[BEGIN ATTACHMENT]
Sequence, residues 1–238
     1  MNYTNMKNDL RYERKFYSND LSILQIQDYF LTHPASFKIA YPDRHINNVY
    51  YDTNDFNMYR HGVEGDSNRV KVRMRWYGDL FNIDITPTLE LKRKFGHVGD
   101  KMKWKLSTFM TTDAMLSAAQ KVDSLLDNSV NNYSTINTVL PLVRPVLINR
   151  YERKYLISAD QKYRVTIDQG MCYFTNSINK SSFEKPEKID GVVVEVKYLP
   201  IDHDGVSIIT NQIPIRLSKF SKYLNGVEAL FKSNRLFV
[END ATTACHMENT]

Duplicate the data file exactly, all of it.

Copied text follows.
Sequence, residues 1–238
     1  MNYTNMKNDL RYERKFYSND LSILQIQDYF LTHPASFKIA YPDRHINNVY
    51  YDTNDFNMYR HGVEGDSNRV KVRMRWYGDL FNIDITPTLE LKRKFGHVGD
   101  KMKWKLSTFM TTDAMLSAAQ KVDSLLDNSV NNYSTINTVL PLVRPVLINR
   151  YERKYLISAD QKYRVTIDQG MCYFTNSINK SSFEKPEKID GVVVEVKYLP
   201  IDHDGVSIIT NQIPIRLSKF SKYLNGVEAL FKSNRLFV